No. Classifications need to be solely based on function. The problem has been that some in the RCMP have started to do stuff based on looks. This is just silly. What is classified as non-restricted, restricted, and prohibited needs to be based on clear, unambiguous criterion that is not at all based on how something looks. It needs to be based on performance and ability, things of that nature. If an AR-15 operates and functions in the same ways as the variants that are non-restricted then you classify it as non-restricted. It is how it functions that matters, not how it looks. That is the problem that we have been getting into, where we classify it not on how it functions. So no, I do not think the AR-15 should remain restricted.
Firearms are constantly referred to as weapons – how do we change this negative mentality?
Only one way currently exists: familiarizing the public with hunting culture, firearms culture, and sport shooting culture. Look, I am a Saskatchewan farm kid, my background and my culture – firearms are a part of life. What do you use your .270 for? It is used to go out there and get a whitetail. This is not a government thing; the only way is to work it. A lot of people have completely lost touch with many aspects of rural life. It does not matter if it is a sport shooting association or a wildlife organisation, you need to go out there and do it. It is a public service, it helps people understand the real world, it makes them better citizens, its healthy, and it’s positive for the environment. Those connotations and images – once they get into public consciousness, they are positive. So this is not something governments should do, this is something the firearms community needs to do and not be shy about it especially with young people. Give them an opportunity to see how important our culture is and how useful this stuff is.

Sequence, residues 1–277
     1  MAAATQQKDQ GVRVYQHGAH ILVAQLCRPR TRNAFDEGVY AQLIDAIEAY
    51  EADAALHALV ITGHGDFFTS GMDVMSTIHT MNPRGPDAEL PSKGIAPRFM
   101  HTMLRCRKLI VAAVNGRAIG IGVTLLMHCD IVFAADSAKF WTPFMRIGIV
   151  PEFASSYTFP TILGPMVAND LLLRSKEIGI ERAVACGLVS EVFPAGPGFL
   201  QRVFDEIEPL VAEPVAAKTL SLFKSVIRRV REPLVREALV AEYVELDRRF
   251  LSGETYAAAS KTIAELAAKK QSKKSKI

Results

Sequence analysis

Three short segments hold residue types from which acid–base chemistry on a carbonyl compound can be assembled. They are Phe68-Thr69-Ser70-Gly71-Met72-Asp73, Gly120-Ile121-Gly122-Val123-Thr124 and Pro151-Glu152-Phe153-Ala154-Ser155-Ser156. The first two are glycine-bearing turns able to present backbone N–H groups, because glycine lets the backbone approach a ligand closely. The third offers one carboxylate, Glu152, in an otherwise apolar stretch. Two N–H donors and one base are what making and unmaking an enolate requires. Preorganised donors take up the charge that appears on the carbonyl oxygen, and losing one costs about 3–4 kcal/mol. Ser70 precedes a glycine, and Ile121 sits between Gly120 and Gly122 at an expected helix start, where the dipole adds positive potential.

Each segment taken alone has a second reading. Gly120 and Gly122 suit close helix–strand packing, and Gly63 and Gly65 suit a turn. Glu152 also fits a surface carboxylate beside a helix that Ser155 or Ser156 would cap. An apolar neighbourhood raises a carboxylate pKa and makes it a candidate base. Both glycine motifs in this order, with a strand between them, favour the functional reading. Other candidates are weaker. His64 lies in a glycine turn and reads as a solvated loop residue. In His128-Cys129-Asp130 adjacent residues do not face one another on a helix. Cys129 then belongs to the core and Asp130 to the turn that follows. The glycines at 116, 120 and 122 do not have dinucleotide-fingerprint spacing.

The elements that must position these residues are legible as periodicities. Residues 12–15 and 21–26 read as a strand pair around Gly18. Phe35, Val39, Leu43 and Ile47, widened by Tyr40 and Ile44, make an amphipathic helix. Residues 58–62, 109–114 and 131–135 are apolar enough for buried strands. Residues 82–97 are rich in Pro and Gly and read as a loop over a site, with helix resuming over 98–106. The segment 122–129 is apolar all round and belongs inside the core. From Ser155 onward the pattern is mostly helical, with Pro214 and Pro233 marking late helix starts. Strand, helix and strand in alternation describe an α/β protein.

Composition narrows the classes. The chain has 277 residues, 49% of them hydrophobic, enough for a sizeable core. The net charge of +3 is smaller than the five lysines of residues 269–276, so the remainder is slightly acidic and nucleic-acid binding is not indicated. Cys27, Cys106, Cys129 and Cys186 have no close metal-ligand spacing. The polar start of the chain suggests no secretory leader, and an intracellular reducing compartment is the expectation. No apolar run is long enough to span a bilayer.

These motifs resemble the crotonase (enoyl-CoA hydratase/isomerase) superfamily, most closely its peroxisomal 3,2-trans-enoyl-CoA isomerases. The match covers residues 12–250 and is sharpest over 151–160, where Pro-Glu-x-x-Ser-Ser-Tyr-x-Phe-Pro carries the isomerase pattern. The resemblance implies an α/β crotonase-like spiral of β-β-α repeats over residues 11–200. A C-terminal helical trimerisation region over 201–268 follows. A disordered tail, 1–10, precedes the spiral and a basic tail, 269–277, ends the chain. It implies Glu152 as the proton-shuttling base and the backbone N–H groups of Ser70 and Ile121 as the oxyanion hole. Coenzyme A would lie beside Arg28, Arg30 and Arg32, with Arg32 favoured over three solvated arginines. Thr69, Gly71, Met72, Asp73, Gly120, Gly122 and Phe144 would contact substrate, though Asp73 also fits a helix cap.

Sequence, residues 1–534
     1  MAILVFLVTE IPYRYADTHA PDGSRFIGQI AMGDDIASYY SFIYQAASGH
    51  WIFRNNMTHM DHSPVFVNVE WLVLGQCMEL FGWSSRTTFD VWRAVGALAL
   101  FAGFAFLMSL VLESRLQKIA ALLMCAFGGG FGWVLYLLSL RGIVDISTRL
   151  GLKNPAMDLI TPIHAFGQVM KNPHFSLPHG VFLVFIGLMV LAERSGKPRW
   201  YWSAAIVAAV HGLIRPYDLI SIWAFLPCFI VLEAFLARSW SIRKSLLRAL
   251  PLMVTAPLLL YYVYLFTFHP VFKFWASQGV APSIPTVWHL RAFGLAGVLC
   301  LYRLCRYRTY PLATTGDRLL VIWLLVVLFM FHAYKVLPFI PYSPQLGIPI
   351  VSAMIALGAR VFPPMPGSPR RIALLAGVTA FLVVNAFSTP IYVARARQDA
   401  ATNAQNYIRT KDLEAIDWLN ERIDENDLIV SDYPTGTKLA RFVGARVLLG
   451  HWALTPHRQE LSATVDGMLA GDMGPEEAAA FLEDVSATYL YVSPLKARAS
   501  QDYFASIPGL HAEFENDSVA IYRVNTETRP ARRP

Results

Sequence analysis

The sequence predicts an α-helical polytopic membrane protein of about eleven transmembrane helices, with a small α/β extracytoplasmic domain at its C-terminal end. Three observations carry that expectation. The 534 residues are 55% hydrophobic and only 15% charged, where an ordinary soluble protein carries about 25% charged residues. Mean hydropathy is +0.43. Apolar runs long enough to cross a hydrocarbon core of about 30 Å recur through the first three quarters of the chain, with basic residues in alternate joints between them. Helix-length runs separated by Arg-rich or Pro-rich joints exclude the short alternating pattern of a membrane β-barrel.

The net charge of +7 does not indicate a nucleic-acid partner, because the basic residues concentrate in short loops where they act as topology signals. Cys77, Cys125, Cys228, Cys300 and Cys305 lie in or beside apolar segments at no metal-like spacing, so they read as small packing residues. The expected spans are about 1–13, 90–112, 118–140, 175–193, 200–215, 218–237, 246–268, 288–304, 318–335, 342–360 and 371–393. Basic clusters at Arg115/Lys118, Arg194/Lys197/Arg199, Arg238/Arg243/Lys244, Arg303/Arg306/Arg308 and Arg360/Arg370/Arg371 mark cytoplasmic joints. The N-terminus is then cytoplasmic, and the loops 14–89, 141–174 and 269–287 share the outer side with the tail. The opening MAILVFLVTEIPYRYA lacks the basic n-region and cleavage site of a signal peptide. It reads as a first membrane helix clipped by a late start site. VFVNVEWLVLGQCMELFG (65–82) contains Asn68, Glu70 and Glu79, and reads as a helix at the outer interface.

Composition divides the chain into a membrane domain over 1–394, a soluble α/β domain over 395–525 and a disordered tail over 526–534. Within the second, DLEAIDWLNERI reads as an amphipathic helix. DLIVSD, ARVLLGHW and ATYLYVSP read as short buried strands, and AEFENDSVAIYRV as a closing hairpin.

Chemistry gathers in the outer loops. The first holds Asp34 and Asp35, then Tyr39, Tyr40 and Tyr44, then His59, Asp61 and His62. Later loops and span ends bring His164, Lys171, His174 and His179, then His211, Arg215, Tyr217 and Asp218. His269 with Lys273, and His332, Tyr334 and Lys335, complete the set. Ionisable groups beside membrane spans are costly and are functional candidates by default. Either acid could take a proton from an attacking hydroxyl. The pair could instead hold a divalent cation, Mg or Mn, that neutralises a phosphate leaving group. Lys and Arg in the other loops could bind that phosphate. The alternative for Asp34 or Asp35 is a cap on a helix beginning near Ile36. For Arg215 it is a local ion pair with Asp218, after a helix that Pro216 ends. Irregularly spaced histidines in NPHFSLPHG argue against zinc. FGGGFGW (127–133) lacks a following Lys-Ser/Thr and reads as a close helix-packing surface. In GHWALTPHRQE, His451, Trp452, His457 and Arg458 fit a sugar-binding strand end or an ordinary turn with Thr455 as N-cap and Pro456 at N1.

Would you ensure that no further non-restricted/restricted firearms would be moved to the prohibited class?
Yes. We are not going to be making non restricted firearms restricted, nor making restricted firearms prohibited. Once a firearm has been gazetted for classification there would be a set period of time – like 60 or 90 days, a period of “comment” essentially. Once that is done, it is frozen in stone as to what it is classified as. If you have objective criteria, not just visual criteria, you will never have these problems. If you have political people signing off on this stuff also, you will not have the issues we have seen in our recent past.